A person’s THC levels after using cannabis does not accurately predict impairment, according to the findings of a federally funded study.
The research comes courtesy of scientists from RTI International, with funding from the National Institute of Justice (NIJ). The purpose of the study was to investigate whether the biofluid levels of THC in a person’s system correlate with performance in field sobriety and cognitive tests, which are typically used to determine alcohol impairment in drivers.
After assessing 20 participants who either ate or vaporized marijuana as part of the tests, the researchers concluded that while all who received doses of 5mg of THC or more were impaired to some degree, “THC levels in biofluids were not reliable indicators of marijuana intoxication.”
To understand the relationship between THC levels and impairment test performance, the researchers collected blood, urine and oral fluid from the participants for analysis throughout the study period. In some of the tests administered to participants, such as standing on one leg or walking and turning, the researchers found no indication of compromised motor functions following cannabis consumption.
“Results from the toxicology tests showed that the levels of all three targeted cannabis components (THC, cannabidiol, and cannabinol) in blood, urine, and oral fluid did not correlate with cognitive or psychomotor impairment measures for oral or vaporized cannabis administration,” NIJ wrote.
“Many of their study participants had significantly decreased cognitive and psychomotor functioning even when their blood, urine, and oral fluid contained low levels of THC,” the federal agency added. “The researchers also observed that standardized field sobriety tests commonly used to detect driving under the influence of drugs or alcohol were not effective in detecting marijuana intoxication.”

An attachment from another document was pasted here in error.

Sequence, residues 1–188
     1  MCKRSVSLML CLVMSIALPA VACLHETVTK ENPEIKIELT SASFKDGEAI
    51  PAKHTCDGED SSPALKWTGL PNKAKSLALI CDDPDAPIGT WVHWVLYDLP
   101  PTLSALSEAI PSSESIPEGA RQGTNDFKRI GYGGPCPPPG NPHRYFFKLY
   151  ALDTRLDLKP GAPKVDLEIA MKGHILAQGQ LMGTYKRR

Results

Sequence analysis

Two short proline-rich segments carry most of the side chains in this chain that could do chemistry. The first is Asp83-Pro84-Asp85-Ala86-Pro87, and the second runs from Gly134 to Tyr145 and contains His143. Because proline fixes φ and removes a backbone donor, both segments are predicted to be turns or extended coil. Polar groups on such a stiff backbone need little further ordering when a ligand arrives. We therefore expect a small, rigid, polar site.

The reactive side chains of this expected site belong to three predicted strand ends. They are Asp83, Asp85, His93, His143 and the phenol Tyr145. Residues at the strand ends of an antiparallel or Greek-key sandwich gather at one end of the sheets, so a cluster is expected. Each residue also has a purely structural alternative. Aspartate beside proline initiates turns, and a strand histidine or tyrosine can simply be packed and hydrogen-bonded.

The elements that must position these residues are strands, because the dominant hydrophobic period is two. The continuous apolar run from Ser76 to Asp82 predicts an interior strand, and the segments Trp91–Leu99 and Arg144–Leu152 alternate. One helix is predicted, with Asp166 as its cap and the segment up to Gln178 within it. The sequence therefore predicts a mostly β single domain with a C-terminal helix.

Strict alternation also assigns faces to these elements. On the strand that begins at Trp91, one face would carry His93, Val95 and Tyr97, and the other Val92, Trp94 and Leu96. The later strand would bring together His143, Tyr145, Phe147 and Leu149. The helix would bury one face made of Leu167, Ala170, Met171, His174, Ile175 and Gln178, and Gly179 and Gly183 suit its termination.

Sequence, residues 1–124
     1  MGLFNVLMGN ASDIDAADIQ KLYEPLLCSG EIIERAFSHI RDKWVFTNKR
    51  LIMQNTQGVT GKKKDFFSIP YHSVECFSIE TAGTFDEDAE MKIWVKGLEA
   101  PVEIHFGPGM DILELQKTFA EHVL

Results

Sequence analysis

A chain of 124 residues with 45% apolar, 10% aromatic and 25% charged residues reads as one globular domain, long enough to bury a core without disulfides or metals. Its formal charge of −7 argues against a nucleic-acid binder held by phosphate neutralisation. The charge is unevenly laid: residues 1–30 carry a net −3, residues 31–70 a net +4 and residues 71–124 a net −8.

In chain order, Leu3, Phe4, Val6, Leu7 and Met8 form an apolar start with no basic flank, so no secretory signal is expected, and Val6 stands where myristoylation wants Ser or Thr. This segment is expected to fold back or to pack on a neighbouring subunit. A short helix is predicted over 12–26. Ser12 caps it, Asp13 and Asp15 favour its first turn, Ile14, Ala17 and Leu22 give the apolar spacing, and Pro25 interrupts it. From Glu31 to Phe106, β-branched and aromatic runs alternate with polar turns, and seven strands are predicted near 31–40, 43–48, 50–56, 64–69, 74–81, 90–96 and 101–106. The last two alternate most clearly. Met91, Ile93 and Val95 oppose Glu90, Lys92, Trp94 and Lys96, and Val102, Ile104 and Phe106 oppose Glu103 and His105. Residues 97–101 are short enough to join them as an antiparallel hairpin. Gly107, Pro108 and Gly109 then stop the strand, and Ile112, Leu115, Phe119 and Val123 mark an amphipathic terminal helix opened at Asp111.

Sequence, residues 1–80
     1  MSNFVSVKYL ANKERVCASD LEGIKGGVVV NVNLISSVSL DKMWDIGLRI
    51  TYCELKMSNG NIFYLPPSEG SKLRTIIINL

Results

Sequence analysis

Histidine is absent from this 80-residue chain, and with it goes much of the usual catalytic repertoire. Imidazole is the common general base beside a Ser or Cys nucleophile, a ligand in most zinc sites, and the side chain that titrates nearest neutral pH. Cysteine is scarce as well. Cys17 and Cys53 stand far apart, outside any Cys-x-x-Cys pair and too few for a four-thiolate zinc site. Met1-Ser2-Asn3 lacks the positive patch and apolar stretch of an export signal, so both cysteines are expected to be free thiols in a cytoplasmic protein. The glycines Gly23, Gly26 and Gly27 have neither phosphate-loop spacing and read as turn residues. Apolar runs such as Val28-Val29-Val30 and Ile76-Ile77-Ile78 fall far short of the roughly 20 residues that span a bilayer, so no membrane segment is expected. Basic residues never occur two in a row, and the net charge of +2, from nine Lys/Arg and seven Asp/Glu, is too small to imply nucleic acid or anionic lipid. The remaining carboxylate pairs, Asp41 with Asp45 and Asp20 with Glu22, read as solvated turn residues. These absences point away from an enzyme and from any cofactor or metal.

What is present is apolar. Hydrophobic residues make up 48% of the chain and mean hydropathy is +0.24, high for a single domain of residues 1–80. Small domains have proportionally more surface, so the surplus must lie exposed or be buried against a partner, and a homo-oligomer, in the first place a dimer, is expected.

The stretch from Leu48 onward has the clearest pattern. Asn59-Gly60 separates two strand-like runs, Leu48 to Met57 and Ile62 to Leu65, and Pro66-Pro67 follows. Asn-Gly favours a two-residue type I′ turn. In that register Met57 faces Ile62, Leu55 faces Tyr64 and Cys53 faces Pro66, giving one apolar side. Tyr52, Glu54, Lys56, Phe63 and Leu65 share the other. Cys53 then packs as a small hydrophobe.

So while THC may impair a person, its concentration does not reliably indicate just how impaired a person is. The results also indicate that in low doses, some people’s performance in standard field sobriety and cognitive tests are not negatively impacted at all.
This calls into question the “per se” marijuana DUI laws in force in six states in the US, which penalize drivers found with more than a certain level of THC in their system, along the same lines as for alcohol.
“Despite a handful of states imposing per se THC thresholds as part of their traffic safety laws, there exists no science demonstrating that these arbitrary limits are reliable predictors of either recent cannabis exposure or impairment,” said NORML Deputy Director Paul Armentano.
A 2019 congressional report into marijuana-impaired driving similarly concluded that “studies have been unable to consistently correlate levels of marijuana consumption, or THC in a person’s body, and levels of impairment.”
Another study from earlier this year found that states which permit recreational marijuana had seen no apparent increase in motor vehicle crash incidents involving elevated THC levels following legalization. That said, while determining the relationship between THC levels and impairment is more complex and uncertain than with alcohol, few would recommend driving under the influence of cannabis.